Everyone remembers that childhood game, right? The one where you couldn’t take a step forward unless you asked the game leader, “Mother, May I?” Funny how we were grammatical as children, but we lost that ability as we aged.
Many of us get confused when we have to choose between using “will,” “can” and “may” in a sentence. For example, let’s say you go to the movies with your date Paul. Seating is cramped and you find you don’t have enough legroom because Paul has stretched his legs across the front of your theater seat. Do you ask, “Paul, can you move your legs?” or “Paul, will you move your legs?” Most of us, without thinking, would ask, “Paul, can you move your legs?” But the correct question to ask is, “Paul, will you move your legs?” A time when Paul might be asked if he “can” move his legs is if he were in a car accident and the paramedics were trying to learn the extent of his injuries. Now that you get that, let’s move on.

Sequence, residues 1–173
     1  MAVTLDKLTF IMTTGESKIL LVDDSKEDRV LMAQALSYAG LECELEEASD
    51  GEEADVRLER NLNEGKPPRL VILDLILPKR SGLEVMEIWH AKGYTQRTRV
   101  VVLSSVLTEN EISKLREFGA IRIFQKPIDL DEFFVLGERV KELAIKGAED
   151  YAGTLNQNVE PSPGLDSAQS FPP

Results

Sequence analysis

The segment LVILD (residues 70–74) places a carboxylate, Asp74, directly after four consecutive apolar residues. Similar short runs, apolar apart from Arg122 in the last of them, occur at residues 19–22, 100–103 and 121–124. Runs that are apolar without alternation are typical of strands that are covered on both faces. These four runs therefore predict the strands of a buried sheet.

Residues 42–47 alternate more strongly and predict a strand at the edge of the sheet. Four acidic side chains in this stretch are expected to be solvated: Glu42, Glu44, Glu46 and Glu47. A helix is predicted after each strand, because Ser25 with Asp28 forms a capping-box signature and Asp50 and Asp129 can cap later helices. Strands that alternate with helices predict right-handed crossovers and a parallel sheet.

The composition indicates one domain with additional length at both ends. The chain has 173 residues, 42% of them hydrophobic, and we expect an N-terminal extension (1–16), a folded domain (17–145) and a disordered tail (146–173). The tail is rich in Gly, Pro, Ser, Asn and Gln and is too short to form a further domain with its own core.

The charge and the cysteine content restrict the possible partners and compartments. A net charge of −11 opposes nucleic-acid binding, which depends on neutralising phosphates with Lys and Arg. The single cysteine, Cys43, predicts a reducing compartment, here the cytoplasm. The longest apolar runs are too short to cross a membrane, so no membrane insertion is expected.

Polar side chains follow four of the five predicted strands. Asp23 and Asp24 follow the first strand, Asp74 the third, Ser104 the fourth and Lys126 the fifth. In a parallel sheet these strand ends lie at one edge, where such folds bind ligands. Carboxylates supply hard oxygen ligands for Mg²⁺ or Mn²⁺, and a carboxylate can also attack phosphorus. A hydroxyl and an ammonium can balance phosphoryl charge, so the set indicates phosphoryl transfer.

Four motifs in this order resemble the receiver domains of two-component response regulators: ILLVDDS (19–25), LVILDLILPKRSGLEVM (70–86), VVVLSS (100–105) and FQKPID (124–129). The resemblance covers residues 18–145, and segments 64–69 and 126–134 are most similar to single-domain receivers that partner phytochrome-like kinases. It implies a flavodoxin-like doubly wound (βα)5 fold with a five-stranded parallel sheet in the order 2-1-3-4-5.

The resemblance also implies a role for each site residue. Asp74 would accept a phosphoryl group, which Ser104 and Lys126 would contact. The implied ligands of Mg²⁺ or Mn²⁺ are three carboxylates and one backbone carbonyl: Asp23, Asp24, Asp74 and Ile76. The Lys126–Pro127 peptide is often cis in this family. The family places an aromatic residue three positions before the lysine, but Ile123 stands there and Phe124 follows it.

After the movie is over, you and Paul head to the nearest nightclub. While inside, Paul nudges you and asks, “Hey, can I smoke in this nightclub?” You think to yourself, “Well, unless this nightclub has some magical power over you, of course you can smoke in the nightclub!” But you refrain from your tongue-in-cheek response and instead say, “Paul, I believe you mean to ask, ‘May I smoke in this nightclub?’” “May” would be used because it is a question of permission, not ability. Of course Paul can smoke in the nightclub, the question is will the nightclub permit it?
Now that you are savvy on the use of “can,” “may” and “will,” you have decided that although Paul “can” ask you out again, you most definitely “will” say no. And, instead, you just “might” go out with his best friend John. Ahhh, “might.” We’ll save that one for another post.